Clear oestrus?

Clear oestrus symptoms in cows are important for insemination management and for the fertility of a herd. The strength of oestrus symptoms are closely linked to insemination success. A clear activity increase is an important pre-requisite to good fertility results and a sign of healthy and fit cows. This was discovered by Canadian researchers in several studies.

However, farmers often complain that their cows do not show the signals clearly enough. This should be understood as a warning signal that something isn’t quite right. Various cow-related or external factors can have a positive or negative influence on the cow’s oestrus signals.  Clear oestrus is always a sign of the cow’s well-being, on the other hand cows which are weak or in silent oestrus show that there are deficiencies (mainly) in husbandry and/or fodder.

Our Oestrus strength checklist (pdf) gives you a fast overview of the external and cow-related influence factors. It can be downloaded immediately.

Instructions for correct oestrus observation

Oestrus observation

Many farms know the problem: The less time spent, the worse the oestrus detection, because as we are constantly sliding from one workload peak to another, oestrus observation can fall by the wayside. The consequence: cows, whose oestrus you never see or cows that you inseminate at the wrong time leading therefore to poor results. Therefore the first principle has to be: “Take the necessary time – and observe calmly”.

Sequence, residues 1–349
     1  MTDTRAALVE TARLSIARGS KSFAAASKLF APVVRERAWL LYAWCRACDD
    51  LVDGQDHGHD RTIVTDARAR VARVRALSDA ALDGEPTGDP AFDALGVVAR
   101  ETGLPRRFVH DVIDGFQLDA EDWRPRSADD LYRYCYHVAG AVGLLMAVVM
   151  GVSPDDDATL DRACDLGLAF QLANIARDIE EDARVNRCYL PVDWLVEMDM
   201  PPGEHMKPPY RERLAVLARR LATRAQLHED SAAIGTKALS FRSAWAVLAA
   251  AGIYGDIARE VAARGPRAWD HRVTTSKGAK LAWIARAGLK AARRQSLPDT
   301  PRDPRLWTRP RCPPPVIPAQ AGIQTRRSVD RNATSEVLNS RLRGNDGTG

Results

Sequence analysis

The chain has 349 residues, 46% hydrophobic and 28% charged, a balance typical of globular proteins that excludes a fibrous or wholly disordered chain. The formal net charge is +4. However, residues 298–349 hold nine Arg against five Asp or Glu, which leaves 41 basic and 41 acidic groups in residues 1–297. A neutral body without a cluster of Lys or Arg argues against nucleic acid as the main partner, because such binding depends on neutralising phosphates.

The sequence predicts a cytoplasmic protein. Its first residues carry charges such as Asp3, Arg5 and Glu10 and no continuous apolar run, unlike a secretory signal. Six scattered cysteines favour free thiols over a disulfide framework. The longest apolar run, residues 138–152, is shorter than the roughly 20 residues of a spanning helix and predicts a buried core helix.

Observe the animals for a quarter of an hour three times, or even better four times a day. This is what the experts recommend – but not during milking or feeding times, because at those times the cows are often more concerned with other issues than manifesting signs of oestrus. Therefore, oestrus detection has the best chances of success when someone takes the time every day to observe the animals in pasture, in the yard and also when they are resting in the shed.

Three times 15 minutes

Therefore your oestrus observation is a central aspect in the fertility occurrences in the herd. For many years now experts have been recommending that cows be observed three times a day for fifteen minutes to ensure a good oestrus detection. But who can still afford the time for this in an era of ever larger farms and increasing working hours? Often this problem ends in a mediocre fertility situation in the herd. Is this the case for you?

At night and not during milking

Further compounding this situation is that many cows only manifest their oestrus symptoms for very short periods and also preferably at night. In any case, morning and evening milking times are not well suited for a parallel oestrus observation. 

Distraction during milking

Cows are distracted from their oestrus behavior during milking, feeding or when moving out to pasture. This is why it is recommended to look for cows in oestrus three times a day outside of the main shed periods (ideally also once at night or at least very early in the morning).

Silent oestrus (anoestrus)

These cows do not show any signs.

The external oestrus signals of silent oestrus cows are only weak or impossible to detect although an oestrus cycle is running on the ovaries and in the uterus. Oestrus follicles mature from which a corpus luteum develops. Sometimes a cow can be seen bleeding without having previously shown other oestrus signals.